Sphere of influence: Victory
Famous portraits: Nike from Samothrace (but other portraits exist).
Nike (in Greek Νίκη) is the personification of victory. She was the daughter of Pallas and Styx, and the sister of Cratos, Bia and Zelus (other personifications). She enters the stage of classical myths in the service of Zeus during the Titan wars. Her mother has brought her and her siblings there and Nike was his charioteer. After the victory of Zeus, she and her siblings were appointed as senteniels, standing next to the throne of Zeus. This is the only time Nike is active in any mythological stories, but she is sometimes depicted as the god's charioteer from time to time.
She is generally portrayed with wings - one of the few gods and goddesses in classical Greece to be so. She could be seen with several different attributes, all to do with her role as the personified victory. It is the vessels needed for a libation (the ritual pouring of liquids as offerings to higher powers), a wreath to crown a winner, a lyre for playing a victory song, and so on. The list can be made much longer.
She is sometimes seen as closely related to the goddess Athena, and sometimes the two goddesses are merged so that Nike turns out to be nothing more than an aspect of the more prominent goddess.
Nike from Samothrace, the headless statue which can be seen here, is a prime example of Hellenistic art - found on the island of Samothrace. The exact date of the statue is not known, the classical assumption is somewhere 220-190 B.C., but dates from 250 to 180 B.C. have been mentioned too. The statue is now on display at the Louvre, Paris, where it has been since 1884.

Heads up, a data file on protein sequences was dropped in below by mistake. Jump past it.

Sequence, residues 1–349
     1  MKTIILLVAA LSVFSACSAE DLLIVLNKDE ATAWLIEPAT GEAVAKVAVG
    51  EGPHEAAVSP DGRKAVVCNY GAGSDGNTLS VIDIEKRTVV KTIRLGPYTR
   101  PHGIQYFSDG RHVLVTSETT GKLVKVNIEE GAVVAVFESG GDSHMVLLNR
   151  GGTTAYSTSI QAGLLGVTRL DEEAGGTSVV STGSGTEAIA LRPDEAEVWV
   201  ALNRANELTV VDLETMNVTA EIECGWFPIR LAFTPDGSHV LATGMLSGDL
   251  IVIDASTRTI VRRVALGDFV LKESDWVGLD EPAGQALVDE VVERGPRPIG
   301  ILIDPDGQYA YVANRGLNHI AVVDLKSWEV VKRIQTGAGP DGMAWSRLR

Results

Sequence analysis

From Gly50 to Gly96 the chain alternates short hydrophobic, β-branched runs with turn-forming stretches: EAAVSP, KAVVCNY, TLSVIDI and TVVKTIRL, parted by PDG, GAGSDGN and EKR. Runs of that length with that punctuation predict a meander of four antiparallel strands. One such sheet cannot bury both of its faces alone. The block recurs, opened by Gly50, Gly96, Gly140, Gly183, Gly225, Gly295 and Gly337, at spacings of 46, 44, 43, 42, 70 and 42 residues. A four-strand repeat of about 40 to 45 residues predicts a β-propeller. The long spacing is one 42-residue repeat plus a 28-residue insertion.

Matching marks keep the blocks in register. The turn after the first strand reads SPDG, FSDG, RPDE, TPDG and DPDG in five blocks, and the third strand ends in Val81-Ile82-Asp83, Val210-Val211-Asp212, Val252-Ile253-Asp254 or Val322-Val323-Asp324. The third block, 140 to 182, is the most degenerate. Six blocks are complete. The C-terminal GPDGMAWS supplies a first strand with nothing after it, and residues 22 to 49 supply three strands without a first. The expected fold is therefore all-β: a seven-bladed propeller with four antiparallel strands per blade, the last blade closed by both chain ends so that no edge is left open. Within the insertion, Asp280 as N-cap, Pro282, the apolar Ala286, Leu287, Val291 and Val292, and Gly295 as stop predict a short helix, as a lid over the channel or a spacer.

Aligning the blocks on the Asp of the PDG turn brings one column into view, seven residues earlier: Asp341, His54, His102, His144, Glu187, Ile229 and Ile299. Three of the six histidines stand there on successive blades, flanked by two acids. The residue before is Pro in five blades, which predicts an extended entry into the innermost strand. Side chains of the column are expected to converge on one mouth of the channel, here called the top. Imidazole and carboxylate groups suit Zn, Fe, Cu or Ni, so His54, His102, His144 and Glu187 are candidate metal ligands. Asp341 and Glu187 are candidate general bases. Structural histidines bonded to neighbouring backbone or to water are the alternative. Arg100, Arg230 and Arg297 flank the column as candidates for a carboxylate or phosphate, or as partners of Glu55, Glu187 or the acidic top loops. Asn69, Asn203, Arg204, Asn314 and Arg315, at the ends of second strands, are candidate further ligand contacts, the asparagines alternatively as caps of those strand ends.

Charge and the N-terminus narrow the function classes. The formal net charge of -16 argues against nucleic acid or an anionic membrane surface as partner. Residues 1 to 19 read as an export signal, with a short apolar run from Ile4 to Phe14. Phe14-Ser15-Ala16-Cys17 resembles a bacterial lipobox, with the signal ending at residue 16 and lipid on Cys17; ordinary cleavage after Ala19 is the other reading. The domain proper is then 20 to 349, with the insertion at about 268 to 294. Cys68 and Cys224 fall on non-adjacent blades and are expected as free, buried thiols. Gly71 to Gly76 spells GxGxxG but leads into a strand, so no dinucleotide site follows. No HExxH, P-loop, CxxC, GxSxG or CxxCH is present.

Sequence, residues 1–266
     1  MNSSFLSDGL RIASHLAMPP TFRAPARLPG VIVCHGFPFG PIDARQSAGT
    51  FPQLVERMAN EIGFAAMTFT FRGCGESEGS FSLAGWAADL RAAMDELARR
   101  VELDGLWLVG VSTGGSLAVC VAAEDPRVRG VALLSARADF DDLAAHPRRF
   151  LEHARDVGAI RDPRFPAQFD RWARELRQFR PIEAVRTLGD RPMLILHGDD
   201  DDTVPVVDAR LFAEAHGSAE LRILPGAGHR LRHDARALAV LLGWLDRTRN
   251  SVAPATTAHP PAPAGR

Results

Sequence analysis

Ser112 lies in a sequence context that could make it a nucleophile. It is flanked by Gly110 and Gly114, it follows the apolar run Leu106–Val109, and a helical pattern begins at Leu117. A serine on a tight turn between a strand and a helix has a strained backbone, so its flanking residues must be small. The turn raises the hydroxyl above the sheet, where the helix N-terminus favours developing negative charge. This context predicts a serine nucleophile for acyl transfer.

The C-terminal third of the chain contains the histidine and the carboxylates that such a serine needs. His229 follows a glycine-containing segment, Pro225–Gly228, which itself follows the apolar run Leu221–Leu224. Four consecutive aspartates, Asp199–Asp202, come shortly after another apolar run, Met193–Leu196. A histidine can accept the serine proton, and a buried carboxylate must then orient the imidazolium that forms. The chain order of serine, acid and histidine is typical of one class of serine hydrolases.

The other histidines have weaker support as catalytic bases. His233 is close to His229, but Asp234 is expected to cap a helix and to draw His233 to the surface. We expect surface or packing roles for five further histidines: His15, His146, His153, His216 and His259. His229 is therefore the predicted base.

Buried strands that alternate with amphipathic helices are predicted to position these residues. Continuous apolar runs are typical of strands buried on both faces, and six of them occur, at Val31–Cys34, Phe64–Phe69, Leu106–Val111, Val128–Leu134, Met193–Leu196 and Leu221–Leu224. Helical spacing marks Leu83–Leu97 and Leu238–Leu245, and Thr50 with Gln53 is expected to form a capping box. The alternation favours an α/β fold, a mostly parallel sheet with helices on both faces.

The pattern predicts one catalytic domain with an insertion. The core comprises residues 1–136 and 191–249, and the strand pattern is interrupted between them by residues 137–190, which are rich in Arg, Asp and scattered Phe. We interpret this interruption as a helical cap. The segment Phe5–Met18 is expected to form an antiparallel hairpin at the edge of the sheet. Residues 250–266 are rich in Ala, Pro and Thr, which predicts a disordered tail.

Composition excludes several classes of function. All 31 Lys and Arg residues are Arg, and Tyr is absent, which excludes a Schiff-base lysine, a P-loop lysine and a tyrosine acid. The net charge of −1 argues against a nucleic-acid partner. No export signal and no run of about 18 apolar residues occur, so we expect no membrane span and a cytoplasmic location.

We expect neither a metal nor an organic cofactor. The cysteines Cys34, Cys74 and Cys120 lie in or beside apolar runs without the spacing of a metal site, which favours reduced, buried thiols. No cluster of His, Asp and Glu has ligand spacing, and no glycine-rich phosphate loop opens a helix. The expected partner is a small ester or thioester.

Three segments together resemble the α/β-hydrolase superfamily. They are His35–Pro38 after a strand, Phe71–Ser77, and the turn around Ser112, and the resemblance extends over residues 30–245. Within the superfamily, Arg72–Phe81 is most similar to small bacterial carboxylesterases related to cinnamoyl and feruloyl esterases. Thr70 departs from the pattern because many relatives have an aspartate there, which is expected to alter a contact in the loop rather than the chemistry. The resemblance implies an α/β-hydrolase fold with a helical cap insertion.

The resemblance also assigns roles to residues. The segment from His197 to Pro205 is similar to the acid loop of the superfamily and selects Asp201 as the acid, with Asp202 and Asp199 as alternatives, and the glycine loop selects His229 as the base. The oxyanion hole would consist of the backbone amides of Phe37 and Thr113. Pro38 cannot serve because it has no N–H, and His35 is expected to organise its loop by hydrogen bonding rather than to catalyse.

Eustochium was born as Smeralda (Italian for emerald); some sources say she was born on Good Friday, but the truth of the matter the exact date is not known and it might be a fact added later to further underline the holiness of the woman. She was born as the daughter of Bernard, a wealthy merchant and his wife, the countess Matilda (Macalda) Romano Colonna of Calafato – a very pious woman. Over all the upbringing of the girl was very centered around the Christian faith and it made a great impression on the young girl.
When her father died, in 1346, she entered a convent of Poor Clare – Santa Maria di Basicò – having experienced visions of the crucified Christ. Some legends claim the nuns were reluctant to receive her, her brothers having threatened to burn the convent down would she join it. Either this is another apocryphal fact, or they just did not follow through, whatever the reason she did become a nun, now with the name under which she would become famous, Eustochium, and the convent was not burnt down.
Eustochium was a very pious woman, and she soon found the convent far too lax for her taste. This made her ask for permission to found a new convent, nearby, with a stricter rule. This was granted in 1457 – and the new convent followed the Franciscan rule. The convent moved to Montevirgine in 1463 and the following year she was elected abbess. By now her mother and sister had joined her convent. She was very pious woman, being very influenced by the life of Christ and among other things writing a treatise on the Passion (though that text is now lost). But her life was hard and she was not very strong in body. She passed away in 1468, around thirty-five years old. She was buried at Montevirgine.
A cult soon developed, and her uncorrupted body was described by the archbishop of Messina in 1690. The cult was formally approved in 1782 and she was canonized as a saint in 1988. Her feast day is nowadays January 20, but earlier it was February 16. Her body is still venerated too. Her name is sometimes given as Eustochia, but it is not entirely correct and should have the ending of -um.